A funny thing happened on my way to the bank to cash my pay cheque
As we all know, the CBA established a fixed relationship between player salaries and league-wide hockey related revenues, or HRR. Right now that relationship is 54%.
Ensuring that salaries collectively come in right at 54% requires reconciliation. The lower and upper limits on team salary caps (currently $28 and $44 million) are set based on pre-season estimates of HRR, and an escrow account withholds part of the players' salaries to aid in the reconciliation. At season's end, two things need to be brought into alignment: the league's actual HRR is calculated and multiplied by 54% to determine what player compensation should have been, and then the player salaries for the preceding season need to be raised or lowered across the board so that they match 54%.
Under this system, it's entirely possible for owners to sign players to contracts that collectively exceed 54% of HRR, in which case, the salaries are rolled-back at the end of year. And guess what: if the estimates of revenue for the current season are accurate, that's exactly what's happened.
Using Irish Blue's projected final cap numbers for each team, it's estimated that the cap hit for player contracts will total $1.258 billion, or an average of $41.9 million per team.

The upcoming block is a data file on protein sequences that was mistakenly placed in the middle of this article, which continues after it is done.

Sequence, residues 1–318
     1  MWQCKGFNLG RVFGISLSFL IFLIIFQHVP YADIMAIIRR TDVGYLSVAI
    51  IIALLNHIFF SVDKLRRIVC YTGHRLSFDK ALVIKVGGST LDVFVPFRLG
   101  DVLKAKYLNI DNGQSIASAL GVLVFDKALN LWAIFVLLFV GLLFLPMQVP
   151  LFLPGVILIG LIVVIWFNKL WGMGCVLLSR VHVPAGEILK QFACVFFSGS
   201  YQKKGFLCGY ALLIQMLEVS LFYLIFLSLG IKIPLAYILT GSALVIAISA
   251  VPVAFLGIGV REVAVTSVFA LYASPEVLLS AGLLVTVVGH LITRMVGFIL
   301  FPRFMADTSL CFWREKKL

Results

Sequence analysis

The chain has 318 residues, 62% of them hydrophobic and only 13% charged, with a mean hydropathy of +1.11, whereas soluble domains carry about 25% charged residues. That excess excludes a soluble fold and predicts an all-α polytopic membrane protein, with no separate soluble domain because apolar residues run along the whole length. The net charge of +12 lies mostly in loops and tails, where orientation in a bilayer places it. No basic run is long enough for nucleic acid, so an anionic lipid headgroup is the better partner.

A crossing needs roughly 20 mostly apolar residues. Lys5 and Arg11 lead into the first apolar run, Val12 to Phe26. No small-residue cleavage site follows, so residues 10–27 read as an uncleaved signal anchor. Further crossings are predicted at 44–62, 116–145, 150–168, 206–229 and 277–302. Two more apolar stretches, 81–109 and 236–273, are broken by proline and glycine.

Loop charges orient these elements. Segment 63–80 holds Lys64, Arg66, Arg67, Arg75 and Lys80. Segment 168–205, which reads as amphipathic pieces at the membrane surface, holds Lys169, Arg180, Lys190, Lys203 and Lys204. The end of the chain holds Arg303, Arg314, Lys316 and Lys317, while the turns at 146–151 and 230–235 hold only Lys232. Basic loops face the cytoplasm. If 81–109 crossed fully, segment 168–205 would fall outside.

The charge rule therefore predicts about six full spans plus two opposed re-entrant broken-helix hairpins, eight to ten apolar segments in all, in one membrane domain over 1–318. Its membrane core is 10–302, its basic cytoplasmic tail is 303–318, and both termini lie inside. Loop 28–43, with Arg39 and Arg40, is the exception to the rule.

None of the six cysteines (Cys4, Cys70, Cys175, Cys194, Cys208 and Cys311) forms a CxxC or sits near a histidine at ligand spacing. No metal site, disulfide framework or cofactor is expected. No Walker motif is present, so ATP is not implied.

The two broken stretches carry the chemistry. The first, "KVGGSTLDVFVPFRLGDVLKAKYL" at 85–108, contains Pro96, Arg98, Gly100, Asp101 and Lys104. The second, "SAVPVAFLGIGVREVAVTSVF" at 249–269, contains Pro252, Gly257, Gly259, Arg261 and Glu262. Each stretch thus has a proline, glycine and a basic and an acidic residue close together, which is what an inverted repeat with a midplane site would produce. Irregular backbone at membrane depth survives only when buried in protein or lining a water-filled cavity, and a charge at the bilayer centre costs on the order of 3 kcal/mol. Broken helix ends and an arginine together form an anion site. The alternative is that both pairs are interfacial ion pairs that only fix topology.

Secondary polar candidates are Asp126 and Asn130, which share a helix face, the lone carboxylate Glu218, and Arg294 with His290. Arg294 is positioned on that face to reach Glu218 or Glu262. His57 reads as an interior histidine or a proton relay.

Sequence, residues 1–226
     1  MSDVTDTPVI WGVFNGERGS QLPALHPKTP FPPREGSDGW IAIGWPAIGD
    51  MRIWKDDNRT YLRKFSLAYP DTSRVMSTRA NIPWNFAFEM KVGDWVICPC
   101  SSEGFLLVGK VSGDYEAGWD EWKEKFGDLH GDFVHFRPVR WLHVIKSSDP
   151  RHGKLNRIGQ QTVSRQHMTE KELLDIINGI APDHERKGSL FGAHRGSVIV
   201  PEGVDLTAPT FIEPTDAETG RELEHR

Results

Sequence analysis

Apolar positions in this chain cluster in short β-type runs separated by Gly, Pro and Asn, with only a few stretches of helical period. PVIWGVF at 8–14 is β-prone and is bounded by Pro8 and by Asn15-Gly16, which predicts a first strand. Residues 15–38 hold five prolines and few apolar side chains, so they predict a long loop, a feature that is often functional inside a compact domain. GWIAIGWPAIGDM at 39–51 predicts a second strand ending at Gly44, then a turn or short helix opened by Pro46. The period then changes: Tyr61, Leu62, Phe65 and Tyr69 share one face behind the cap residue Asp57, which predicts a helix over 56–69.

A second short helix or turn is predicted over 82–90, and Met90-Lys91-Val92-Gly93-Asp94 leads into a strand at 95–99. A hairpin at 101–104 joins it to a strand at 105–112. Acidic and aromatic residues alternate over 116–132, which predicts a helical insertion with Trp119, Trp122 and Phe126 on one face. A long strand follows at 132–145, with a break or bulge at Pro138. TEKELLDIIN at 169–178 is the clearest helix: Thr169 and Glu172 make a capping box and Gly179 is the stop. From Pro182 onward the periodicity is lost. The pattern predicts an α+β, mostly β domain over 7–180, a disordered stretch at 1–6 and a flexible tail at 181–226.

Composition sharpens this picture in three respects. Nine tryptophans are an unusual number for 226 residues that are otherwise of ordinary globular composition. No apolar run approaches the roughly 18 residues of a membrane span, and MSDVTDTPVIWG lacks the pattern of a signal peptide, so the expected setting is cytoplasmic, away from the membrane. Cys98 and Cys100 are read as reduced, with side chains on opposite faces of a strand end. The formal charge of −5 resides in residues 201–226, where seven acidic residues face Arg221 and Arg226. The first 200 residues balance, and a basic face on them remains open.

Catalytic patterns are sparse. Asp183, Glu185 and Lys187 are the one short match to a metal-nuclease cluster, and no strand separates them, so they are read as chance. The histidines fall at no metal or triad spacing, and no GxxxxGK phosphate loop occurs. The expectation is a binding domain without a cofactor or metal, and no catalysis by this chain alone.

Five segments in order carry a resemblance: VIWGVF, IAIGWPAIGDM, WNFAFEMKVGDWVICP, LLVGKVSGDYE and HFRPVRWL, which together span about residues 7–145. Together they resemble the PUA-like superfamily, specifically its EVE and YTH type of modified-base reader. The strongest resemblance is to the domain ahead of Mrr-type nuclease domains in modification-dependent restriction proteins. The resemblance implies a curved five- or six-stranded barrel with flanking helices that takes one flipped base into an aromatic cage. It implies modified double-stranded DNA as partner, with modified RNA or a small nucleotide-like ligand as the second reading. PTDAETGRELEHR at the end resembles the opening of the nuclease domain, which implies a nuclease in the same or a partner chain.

But if the pre-season estimates of HRR are accurate, teams will only be allowed to spend $1.08 billion on player salaries, or $36 million per team.
How to reconcile the two? Simple: player salaries would be rolled-back by 14.1%. For Ryan Smyth junkies, that means a contract with a paper salary of $5.5 million would result in a pay cheque for $4.725 million.
Oilers payroll below average
The reconciliation also helps put the Oilers player spending in perspective. Right now they're projected to finish the year at $41.9 million in cap salaries. That figure creates the illusion that they're spending close to the cap. In fact, their player compensation is below league average.
Factor in the adjustment, and what they'd actually pay would be $35 million, or roughly $1 million below the league-average team budget of $36 million. Raise or lower league revenues to change the reconciliation, and this relationship doesn't change -- the Oilers' share of player costs remains less than 1/30th of the pot. As Tyler always reminds us, it's a fixed pot, and raising one player's salary simply moves money between players, it doesn't change the total amount the owners' pay.
I always need to qualify these commentaries by restating my view that I don't think higher compensation necessarily equals higher performance. But when the team is in the top 25% for revenues, below league-average for player compensation, and out of the playoffs, you have to think that the fans who provided this spending power deserve more. I'd like to see both better investments by management, and a team that uses its higher than average revenues to deliver above-average player compensation.